Amos Lee – Violin
(For your listening pleasure.)
When I was in college I had these dreams of being a big shot – a powerful woman running an architect firm in Manhattan, designing amazing buildings…and then I had my internship at one of those firms. All of my dreams crashed to the floor in one summer.
Then I got a job for corporate and all I wanted to wear was fancy clothes, dressing in pencil skirts, heels, and fancy blouses. Part of me still does, or maybe I just crave that feeling of being on top and having that title where everyone knows who you are when you walk by. Doesn’t that always feel great?
I think in this economy LOST is the new frontier for the job market. After the crash in 2008 I feel like boundaries were crossed, ego’s were torn down, and there was no going back. I am forever changed I know that. I created a freakin documentary about it and now the person working at McDonald’s is no less worthy to me than the guy who works at the bank or credit card company who steals from broke people every fucking month with 20% interest rates. (smile)
My value system is just different now and I don’t know if I’ve become a tree hugger exactly or this anti-corporate person, but when I am in say Subway for instance, I have a new found respect for the person putting together my foot long. I mean to me there is no integrity left in big building land, but I truly empathize with the small people running the stores that make corporate rich. I especially admire the food trucks on my street, the farmers, and the small mom and pop shops.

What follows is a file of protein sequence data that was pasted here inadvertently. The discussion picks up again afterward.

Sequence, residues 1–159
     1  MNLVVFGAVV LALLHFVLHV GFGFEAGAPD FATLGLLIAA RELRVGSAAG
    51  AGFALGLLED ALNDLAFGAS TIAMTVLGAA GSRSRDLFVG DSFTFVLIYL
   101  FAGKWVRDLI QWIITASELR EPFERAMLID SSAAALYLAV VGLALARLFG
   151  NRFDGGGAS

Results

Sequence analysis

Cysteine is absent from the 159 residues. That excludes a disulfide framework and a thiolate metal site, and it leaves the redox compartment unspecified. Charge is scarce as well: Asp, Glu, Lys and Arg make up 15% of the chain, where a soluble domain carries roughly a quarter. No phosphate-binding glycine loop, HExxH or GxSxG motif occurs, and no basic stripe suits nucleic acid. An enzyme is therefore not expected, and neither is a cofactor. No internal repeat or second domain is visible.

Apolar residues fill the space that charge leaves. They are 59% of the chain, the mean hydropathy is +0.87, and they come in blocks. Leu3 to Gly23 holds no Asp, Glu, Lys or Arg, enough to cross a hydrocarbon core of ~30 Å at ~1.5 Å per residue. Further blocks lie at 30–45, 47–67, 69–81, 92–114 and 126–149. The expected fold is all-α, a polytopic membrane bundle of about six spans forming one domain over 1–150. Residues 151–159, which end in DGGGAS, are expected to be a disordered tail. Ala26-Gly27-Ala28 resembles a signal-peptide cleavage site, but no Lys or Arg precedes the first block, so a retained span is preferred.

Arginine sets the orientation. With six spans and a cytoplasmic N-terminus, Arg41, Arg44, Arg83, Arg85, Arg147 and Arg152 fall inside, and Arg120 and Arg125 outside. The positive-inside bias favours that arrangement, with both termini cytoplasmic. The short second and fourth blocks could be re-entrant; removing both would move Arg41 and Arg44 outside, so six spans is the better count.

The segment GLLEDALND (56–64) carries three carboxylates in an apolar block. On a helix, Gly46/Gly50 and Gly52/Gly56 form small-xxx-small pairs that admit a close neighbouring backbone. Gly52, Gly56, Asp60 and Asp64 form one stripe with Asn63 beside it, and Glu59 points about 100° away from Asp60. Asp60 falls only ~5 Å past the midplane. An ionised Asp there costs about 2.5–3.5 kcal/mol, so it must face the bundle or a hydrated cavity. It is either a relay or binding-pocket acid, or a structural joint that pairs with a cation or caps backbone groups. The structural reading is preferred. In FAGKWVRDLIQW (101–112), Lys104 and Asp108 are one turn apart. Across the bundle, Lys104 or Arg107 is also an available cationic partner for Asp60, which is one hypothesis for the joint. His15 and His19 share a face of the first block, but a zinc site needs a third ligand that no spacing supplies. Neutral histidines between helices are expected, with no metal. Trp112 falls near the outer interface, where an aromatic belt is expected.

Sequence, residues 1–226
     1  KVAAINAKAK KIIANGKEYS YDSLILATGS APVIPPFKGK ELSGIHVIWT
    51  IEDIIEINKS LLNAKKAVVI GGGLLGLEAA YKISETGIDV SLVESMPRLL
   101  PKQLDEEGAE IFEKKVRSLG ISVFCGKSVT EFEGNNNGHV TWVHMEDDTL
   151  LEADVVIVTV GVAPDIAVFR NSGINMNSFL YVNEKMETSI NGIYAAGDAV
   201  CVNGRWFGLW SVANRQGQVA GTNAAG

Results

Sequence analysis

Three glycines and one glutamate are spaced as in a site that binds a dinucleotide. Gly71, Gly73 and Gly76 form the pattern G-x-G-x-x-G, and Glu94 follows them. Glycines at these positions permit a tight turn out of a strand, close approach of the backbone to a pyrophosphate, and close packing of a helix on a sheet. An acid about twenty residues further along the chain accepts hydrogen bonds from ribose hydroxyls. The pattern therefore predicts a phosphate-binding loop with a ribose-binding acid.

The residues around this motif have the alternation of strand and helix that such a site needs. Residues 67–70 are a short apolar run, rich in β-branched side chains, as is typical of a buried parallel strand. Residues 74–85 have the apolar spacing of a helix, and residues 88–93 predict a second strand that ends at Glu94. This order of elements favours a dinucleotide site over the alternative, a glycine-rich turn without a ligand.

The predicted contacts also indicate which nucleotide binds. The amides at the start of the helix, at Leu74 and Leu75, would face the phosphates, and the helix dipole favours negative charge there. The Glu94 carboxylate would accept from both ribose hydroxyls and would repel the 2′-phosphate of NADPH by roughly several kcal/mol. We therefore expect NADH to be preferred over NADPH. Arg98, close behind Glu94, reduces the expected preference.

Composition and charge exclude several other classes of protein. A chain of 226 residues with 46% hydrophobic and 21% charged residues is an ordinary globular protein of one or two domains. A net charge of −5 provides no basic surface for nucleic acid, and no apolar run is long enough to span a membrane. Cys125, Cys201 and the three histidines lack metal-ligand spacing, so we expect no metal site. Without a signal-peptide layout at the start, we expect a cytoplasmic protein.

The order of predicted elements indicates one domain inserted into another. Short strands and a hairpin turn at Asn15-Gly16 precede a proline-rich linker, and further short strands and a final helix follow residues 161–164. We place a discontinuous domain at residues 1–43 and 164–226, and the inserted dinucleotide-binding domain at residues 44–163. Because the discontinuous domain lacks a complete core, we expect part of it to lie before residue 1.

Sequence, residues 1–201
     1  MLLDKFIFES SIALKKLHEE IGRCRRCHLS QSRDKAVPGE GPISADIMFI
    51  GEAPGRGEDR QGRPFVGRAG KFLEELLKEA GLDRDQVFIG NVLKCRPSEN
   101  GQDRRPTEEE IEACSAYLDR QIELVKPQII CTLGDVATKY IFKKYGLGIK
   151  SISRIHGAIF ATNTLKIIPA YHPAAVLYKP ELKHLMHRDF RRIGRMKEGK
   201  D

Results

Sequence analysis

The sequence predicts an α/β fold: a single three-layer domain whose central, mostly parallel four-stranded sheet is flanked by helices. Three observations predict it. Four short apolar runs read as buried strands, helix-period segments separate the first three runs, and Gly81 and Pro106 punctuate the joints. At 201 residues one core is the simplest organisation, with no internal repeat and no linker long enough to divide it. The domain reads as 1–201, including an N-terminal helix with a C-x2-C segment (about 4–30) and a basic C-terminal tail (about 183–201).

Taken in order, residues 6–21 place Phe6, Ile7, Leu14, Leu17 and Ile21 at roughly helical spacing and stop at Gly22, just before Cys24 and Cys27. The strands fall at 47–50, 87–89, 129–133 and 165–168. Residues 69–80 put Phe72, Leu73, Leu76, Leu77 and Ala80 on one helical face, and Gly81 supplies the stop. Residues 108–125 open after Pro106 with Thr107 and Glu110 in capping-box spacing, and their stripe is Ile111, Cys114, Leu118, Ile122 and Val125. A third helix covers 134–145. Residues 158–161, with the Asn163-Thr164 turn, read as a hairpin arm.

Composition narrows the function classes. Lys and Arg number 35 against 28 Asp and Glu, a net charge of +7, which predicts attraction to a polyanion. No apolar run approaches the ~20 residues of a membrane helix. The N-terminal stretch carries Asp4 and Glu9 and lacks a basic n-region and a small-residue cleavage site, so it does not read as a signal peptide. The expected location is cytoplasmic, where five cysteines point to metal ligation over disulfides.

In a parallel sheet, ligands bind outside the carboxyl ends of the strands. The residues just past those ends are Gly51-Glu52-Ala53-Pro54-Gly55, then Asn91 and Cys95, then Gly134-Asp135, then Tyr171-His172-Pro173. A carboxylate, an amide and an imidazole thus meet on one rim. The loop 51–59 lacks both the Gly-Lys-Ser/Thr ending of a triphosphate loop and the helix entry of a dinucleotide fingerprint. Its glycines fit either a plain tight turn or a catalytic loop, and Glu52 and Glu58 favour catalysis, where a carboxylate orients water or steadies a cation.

There were some positive’s that came out of this economy. It has transformed a massive amount of people for the better who thrive on making a difference rather than becoming just another number. Some just left their jobs all together and started travel blogs with their savings so they could run off to Europe. I kind of feel like a lot of people lost their minds – myself included or maybe we just got ourselves back and don’t know what to do with it. Our whole lives we were schooled and trained to be something we are not. So when that washes away what else is left, but ourself. THAT is pretty scary.
I am at a cross road with my career. When I have amazing clients, it’s just peachy, but when work slows down it’s scary. Yes I am a freelance designer and it was my field that got hurt pretty damn bad. Hey, when the housing market crashes, interior designers better get a new day job.
So I’m seriously thinking about working at a yogurt store. When I was 15 I worked at Dannon yogurt and I swear it was one of the happiest times of my life. I got in yogurt fights, I was super skinny because it was all I ate, and I could hit on the boys across the way at Roasters Chicken, Yea–haaa!
Then there is this other side of me that says “Amy you’re better than yogurt.” And then I get in a fight with myself over yogurt and my corporate dreams that were shattered. So what’s a girl to do? What would Estella Grace do in my shoes?
I think she’d be a housewife or volunteering somewhere. I wish it was as easy as becoming a housewife. I saw a job recently in Big Bear, a mountain about 2 hours from here with over an hour climb to the top, kinda scary. They were looking for someone to manage the food for a large resort catering to little camper kids. I was thinking maybe I could come up with healthy meals for them like Jamie Oliver. Would that be enough to fulfill me? Would that make a difference in this world living on a mountain in a log cabin, making food for kids? I mean maybe I’d become a more selfless person then and I could find a divorced man in a country bar playing guitar. I would be that girl showing up in the small town singing karaoke and working at a selfless job during the day. It could work…right? Then I could write another book about it.
If there’s one thing I promised myself, no matter how scared I get, I’m not going back to corporate.
Perhaps growing up wasn’t as fun as I originally thought it would be, but I can still try to be a kid again.
P.S. The guy at Pinkberry said I was over-qualified. (sigh)